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Software Project Management
Question 1) Write five major responsibilities of a software project manager.
Answer) The five major responsibilities of a software project manager:
Planning: To complete a project in a specific manager should have an effective plan.
Scope: The project manager must clearly define the scope of the project and answer questions like, who is the customer? What need will the software satisfy? What are the operational requirements for the project?
Activity Schedules: Making activity schedules and planning out the activities according to the time frame is extremely important. He must first list out the jobs to be done and then allot specific jobs to team members.
Gantt Chart: Once the activities and different tasks have been outlined, the project manager lists the activities in Gantt chart and allot time frames for their completion.
Potential Risks: He must plan for any hindrances that might occur during the course of the project. Risk management is an integral part of the project and ensures the presence of a backup plan.
Setting Goals: He must set measurable goals that should define the overall project’s objective. For example: Complete the project within six months from start date in the budget of xxx amount. It is concise, crisp and outlines the objective clearly.
Time Management: Time estimation for the various activities is of major significance as it helps set the daily priorities of each team member. A project manager has to properly time all the activities for the completion of the project and also prepare for any delays in any of the activities.
Budget Allocation and Cost Estimates: Project manager must assign budgets to the various activities and make any cost considerations that there might be.
Implementation and Monitoring: Implementation of the project’s activities includes delegating different activities and ensuring their completion on time. Executing the plan of action and ensuring that it is monitored along the way is a key responsibility. A project manager must set out the project boundaries and scope for the project which then formulates itself into a plan of action and assists in successful completion of the project.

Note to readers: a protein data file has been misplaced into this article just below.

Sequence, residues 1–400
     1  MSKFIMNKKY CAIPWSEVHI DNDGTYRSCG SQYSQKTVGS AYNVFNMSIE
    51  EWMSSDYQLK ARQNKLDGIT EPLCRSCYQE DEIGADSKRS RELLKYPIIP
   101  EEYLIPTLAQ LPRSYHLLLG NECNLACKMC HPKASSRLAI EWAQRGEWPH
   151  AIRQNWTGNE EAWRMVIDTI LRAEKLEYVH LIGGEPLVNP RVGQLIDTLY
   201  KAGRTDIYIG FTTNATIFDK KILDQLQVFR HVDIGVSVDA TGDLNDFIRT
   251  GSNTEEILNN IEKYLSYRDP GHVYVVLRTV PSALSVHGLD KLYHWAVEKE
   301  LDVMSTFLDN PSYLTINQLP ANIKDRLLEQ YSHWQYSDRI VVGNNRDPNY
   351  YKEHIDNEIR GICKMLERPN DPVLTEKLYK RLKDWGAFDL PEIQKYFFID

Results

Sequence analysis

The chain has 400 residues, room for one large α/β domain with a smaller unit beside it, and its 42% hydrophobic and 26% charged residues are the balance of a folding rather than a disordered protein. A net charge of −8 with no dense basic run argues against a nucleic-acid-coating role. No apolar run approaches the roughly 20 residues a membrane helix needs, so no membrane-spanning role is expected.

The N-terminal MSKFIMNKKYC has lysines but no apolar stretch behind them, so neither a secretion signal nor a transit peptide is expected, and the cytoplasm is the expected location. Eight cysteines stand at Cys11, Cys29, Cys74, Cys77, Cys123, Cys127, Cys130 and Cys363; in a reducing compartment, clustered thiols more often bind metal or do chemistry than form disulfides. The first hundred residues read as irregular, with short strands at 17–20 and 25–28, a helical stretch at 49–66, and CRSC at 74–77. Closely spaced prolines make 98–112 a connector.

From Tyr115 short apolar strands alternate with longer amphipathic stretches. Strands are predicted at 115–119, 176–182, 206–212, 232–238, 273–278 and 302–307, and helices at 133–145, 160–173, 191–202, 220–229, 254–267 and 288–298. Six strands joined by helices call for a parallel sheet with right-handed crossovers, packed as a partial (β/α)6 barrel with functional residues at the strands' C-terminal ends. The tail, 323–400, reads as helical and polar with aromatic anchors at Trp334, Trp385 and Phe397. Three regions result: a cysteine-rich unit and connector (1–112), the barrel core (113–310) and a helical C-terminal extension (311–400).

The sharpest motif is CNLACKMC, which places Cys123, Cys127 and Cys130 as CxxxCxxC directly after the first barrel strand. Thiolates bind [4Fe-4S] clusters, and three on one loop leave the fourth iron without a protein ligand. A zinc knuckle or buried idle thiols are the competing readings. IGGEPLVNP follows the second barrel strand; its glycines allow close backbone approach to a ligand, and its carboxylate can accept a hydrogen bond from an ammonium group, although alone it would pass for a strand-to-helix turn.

Question 2) What is meant by the ‘size’ of a software project?
Answer) Software size is the key factor to determine the planning activities of software development processes. For the successful completion of the software development process, perfect planning is necessary. During planning Software Size assessed, effort estimated in person hour or in person months, cost and budget calculated, schedule prepared, resources and work allocation process to be completed.
The software size is very important for perfect planning of the development process because Size is the base factor to determine effort, duration, schedule, cost and etc. that affect the development process. The sizing techniques followed in the industry are not covering all aspects of software so size and size-based parameters are leading difficulties in planning. Planning is the important Project management activity.
Question 3) What do you understand by sliding window planning?
Project planning requires utmost care and attention since commitment to unrealistic time and resource estimates result in schedule slippage.
However, project planning is a very challenging activity. Especially for large projects, it is very much difficult to make accurate plans.
A part of this difficulty is due to the fact that the proper parameters, scope of the project, project staff, etc. may change during the span of the project. In order to overcome this problem, sometimes project managers undertake project planning in stages.
Planning a project over a number of stages protects managers from making big commitments too early. This technique of staggered planning is known as Sliding Window Planning.
In the sliding window technique, starting with an initial plan, the project is planned more accurately in successive development stages.
At the start of a project, project managers have incomplete knowledge about the details of the project. Their information base gradually improves as the project progresses through different phases.
After the completion of every phase, the project managers can plan each subsequent phase more accurately and with increasing levels of confidence.
Question 4) What do you understand by product visibility in the context of software development?
Product visibility refers to your products’ visibility on your storefront. When you make a product not visible, it will not appear on any category pages, search results or product panels (like New or Featured), and customers will not be able to access its product detail page. If you want to hide a product from category pages, but still have it be available via URL/direct link, see Limiting Product Accessibility.
There are several reasons why you might want to have a product not be visible:
A product may become temporarily unavailable.
While creating a new product, you might want to save and come back to it later before publishing it.
You want to add a product to a manual order, but not have it publicly available on the storefront.
Question 5) What are the different categories of software development projects according to the COCOMO estimation model?
Answer) COCOMO (Constructive Cost Estimation Model) was proposed by Boehm in 1981. It is a procedural software cost estimation model. It is basically a regression model based on the number of lines of code. COCOMO is also used to predict the parameters of a software project like size, effort, cost, time and quality.
According to Boehm, software cost estimation should be done through three stages: Basic COCOMO, Intermediate COCOMO, and Detailed COCOMO.